Budapest to review naming of street after anti-Semite

(JTA) — The mayor of Budapest ordered a re-examination of a controversial decision to name a street after an anti-Semitic author.

Maria Szucs Ciuc, a spokeswoman for Mayor Istvan Tarlos, told the news site FN24.hu on Thursday that Tarlos had ordered the re-examination of the city council’s decision to name a street after Cecile Tormay (1876-1937). Under the Local Government Act, the mayor may reverse decisions deemed “offensive”.

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The town council’s Wednesday vote provoked angry reactions from the World Jewish Congress. Ronald Lauder, the WJC president, said in a statement that it “puts into question the pledge given to the Jewish community that anti-Semitism will be fought vigorously by the Hungarian authorities.”

In a separate statement, the Federation of Hungarian Jewish Communities, or Mazsihisz, said Tormay had “inspired” many anti-Semitic thinkers and leaders in Hungary, including Miklos Horthy, the country’s pro-Nazi ruler during World War II, when 400,000 Hungarian Jews were murdered.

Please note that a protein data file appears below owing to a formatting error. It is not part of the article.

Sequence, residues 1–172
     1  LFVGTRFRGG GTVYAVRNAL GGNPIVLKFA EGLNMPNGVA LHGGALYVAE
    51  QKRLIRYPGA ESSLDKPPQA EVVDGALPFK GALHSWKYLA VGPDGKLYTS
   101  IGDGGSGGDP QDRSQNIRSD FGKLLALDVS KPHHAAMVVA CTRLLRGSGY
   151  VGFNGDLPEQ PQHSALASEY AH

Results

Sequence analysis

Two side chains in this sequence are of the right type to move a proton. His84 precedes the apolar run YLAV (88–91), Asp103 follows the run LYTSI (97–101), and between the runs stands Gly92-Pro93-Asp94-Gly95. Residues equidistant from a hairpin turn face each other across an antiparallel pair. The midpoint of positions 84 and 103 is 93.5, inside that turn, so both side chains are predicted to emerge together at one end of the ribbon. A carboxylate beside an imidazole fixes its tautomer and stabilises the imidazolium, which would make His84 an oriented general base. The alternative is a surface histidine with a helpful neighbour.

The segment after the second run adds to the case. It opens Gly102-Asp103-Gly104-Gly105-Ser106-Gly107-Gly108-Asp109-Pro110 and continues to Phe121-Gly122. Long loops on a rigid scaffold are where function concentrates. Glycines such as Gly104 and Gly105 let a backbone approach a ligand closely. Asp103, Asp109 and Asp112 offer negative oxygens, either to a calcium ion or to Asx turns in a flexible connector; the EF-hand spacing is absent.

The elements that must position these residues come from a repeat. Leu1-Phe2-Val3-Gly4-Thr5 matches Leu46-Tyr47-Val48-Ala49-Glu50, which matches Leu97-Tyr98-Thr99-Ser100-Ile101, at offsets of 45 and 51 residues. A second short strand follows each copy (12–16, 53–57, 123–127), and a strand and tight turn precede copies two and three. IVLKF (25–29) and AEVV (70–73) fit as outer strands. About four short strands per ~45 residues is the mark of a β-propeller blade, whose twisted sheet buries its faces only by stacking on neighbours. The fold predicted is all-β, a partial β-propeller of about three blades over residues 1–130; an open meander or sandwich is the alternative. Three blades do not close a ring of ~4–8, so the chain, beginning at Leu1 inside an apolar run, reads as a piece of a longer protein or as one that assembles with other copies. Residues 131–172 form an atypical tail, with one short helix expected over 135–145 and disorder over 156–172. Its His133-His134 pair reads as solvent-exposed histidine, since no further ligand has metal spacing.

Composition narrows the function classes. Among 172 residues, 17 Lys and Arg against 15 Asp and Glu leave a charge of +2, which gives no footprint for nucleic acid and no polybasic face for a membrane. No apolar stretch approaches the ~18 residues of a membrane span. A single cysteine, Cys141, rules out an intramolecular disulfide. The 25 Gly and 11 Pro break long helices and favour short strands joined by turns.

The decision to name the street after Tormay came days after reports of three anti-Semitic incidents directed at Mazsihisz and one of its communities.

On Monday, police removed a package containing white powder from the Mazsihisz main office.

And on Sunday, worshippers discovered anti-Semitic slogans spray-painted on the facade of a synagogue in Vac, a city 20 miles north of Budapest. A nearby Jewish cemetery was desecrated and at least two of its headstones were smashed. Police were investigating all three incidents but the identity of the perpetrators is as of yet unknown, the MTI news agency reported.

Earlier this month, Mazsihisz hosted the World Jewish Congress General Assembly amid protests by hundreds of neo-Nazis and ultranationalists. Many of the protesters were affiliated with the Jobbik party, Hungary’s third largest. Hungary’s Jewish watchdog on anti-Semitism, the Action and Protection Foundation, or TEV, has termed Jobbik “a neo-Nazi” party.